Review & Outlook, June 2017

The Federal Reserve (Fed) is likely to raise interest rates at its June meeting, despite a softer May jobs report. Markets continue to anticipate only modest further rate increases over the next 18 months. The December 2018 fed funds futures contract currently has an implied yield of 1.49%, while the two-year U.S. Treasury yield holds near 1.30%. Both yields imply the Fed will pause in the rate hike cycle following their likely June move.

Short-term yields reflect market expectations that the Fed will begin reducing the size of its balance sheet as its next policy move, after lifting the policy rate by 1% over the past 18 months. Yields also reflect prospects for continued subdued economic growth, slowing employment gains, decelerating inflation and declining longer-term inflation expectations.

The Labor Market Is Near Full Employment

Payroll growth has slowed this year. The May employment report showed an average gain of only 121,000 jobs over the trailing three months and 161,000 jobs over the past six months. These are the slowest job growth trends on a smoothed basis for the past five years.

Payroll Growth Has Slowed in 2017

Data source: Bureau of Labor Statistics, 6/1/12 - 5/31/17

Despite this slowdown, the unemployment rate reached a new cyclical low of 4.3% in May, the lowest rate in more than 16 years.  Labor force participation fell in May, driving the decline in unemployment.

Most measures suggest the labor market is at or very near full employment. Monthly payroll gains in excess of 125,000 jobs per month will likely be the exception rather the norm going forward due to limited growth in the number of available workers. If the recent slowdown in employment gains was exclusively due to labor supply constraints, wage gains would likely be accelerating.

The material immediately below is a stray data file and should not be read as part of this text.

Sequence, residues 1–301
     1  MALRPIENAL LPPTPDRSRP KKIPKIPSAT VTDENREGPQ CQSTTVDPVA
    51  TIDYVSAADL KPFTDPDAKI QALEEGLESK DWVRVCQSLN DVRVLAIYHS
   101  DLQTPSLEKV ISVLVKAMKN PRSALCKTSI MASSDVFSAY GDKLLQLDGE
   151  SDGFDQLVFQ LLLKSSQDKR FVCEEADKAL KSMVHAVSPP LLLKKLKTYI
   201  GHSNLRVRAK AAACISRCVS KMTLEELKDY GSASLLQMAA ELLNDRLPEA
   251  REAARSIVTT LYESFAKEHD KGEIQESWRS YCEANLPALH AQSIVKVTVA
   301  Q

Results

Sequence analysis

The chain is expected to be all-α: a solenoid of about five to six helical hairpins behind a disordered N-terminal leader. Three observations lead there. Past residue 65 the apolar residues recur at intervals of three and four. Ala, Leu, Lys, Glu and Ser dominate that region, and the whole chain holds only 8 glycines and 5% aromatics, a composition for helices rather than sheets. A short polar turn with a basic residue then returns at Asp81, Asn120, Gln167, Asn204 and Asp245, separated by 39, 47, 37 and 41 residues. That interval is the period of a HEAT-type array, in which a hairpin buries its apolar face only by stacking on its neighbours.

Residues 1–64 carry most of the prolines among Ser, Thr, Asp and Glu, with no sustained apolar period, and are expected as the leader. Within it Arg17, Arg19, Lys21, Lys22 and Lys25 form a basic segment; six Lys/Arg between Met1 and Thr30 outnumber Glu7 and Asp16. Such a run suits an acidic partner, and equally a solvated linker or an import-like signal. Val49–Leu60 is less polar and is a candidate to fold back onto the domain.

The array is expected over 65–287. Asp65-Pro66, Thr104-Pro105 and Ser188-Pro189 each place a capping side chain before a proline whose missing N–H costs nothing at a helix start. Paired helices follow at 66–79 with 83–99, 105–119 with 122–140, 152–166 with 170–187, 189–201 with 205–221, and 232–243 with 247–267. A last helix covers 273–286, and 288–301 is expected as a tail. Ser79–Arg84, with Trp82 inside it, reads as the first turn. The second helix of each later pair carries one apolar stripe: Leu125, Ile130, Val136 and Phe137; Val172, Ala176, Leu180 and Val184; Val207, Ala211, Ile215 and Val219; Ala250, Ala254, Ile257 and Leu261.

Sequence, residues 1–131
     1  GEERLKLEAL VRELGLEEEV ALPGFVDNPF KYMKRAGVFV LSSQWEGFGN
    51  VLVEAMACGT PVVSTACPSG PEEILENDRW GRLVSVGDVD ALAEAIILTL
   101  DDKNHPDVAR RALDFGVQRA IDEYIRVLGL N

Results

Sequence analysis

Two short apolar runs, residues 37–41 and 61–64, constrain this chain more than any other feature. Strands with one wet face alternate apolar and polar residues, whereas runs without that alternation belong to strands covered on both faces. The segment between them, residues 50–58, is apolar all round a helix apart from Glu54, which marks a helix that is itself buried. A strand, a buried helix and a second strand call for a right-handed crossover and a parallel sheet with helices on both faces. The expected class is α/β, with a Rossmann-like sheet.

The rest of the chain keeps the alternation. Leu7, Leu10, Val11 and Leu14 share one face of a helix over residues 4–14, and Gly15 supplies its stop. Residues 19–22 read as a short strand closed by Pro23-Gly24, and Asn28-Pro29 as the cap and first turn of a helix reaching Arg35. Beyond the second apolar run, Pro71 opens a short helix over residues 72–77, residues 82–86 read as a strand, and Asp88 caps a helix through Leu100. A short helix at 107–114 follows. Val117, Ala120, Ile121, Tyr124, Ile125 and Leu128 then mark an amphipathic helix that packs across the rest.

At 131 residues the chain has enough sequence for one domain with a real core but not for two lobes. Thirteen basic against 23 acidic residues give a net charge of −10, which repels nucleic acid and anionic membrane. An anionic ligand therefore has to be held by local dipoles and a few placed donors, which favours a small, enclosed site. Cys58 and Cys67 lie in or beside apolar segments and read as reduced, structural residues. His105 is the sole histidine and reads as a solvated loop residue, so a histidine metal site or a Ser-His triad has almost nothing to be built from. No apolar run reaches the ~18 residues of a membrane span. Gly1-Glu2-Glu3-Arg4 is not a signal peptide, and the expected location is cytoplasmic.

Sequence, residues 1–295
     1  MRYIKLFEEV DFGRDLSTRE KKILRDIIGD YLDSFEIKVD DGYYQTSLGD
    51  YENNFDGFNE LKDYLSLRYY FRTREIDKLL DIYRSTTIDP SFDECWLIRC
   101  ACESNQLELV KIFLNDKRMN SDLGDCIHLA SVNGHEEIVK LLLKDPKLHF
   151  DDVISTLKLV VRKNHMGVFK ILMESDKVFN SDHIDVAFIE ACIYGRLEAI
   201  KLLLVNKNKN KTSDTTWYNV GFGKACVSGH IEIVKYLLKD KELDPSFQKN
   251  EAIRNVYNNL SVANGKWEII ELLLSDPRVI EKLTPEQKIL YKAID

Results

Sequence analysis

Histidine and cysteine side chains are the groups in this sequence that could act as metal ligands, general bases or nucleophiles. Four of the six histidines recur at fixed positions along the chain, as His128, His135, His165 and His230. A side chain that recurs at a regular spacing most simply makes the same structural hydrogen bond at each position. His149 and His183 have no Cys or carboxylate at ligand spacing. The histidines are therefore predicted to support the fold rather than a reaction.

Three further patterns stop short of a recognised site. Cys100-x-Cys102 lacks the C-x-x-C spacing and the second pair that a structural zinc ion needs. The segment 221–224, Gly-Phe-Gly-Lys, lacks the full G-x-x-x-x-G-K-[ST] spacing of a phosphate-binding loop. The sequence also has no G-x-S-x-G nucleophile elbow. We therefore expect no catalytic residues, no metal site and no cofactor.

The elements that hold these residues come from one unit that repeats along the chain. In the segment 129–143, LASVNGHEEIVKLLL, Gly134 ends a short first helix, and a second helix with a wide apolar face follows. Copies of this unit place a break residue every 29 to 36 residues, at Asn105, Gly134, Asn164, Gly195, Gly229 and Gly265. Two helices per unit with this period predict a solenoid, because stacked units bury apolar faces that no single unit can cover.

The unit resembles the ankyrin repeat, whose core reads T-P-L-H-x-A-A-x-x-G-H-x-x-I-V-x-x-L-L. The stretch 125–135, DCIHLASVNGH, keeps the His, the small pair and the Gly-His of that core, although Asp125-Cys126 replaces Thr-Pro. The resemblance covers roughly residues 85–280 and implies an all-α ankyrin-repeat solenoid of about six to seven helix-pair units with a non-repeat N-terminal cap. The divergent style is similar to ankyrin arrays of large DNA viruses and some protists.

Unemployment Is the Lowest in More than 16 Years

Data source: Bureau of Labor Statistics, 1/1/92 - 5/31/17

Wage growth held steady over the past year, suggesting that labor demand has likely moderated as well. Employment in the manufacturing, retail trade and construction sectors has been softer in recent months. Employment data correspond with data showing below-peak auto sales and disruption in the retail space. Construction spending has also been softer, but this is likely payback for a surge in winter activity due to abnormally good weather.

Economic Growth Moves Slowly but Surely

The monthly purchasing manager indices covering both the manufacturing and service sectors paint a picture of an economy that continues to move slowly but surely forward. In addition, the Fed's Beige Book of anecdotal reports on economic activity from business contacts indicated the economy continued to expand at a modest to moderate pace through late May. Most updated estimates of second quarter gross domestic product (GDP) growth are centered at slightly more than 2%.

Inflation measures will likely experience downward pressure near term due to sagging energy and commodity prices. More broadly, core inflation measures have declined in recent months as rental pressures eased and other service prices decreased. These developments, along with declining longer-term inflation expectations, are causing concern about the intermediate-term inflation outlook among at least some Fed officials. But as long as financial conditions continue to ease - a weaker dollar, lower long-term yields and higher stock prices - the Fed will likely remain biased to tighten further, as this data implies a positive impulse to future economic growth. The Fed is also becoming more concerned about asset valuations, which will contribute to the bias to tighten further if these market trends continue.

The economy appears to be generally tracking our growth forecasts through the first several months of the year. First half GDP appears on track to increase between 1.5% and 2.0%. This trend will likely continue in the second half of the year unless significant tax policy changes are implemented.

Unemployment has declined faster and further than anticipated in recent months, causing the Fed to accelerate its schedule for rate increases. Job growth should remain modest and unemployment should hold steady in the months ahead. Inflation will likely move lower, in part due to the rebound in energy prices last spring. If oil prices remain steady, they will begin subtracting from consumer price indices in June. But the Fed is expected to remain biased for further normalization, likely through balance sheet policy, until financial conditions begin to tighten.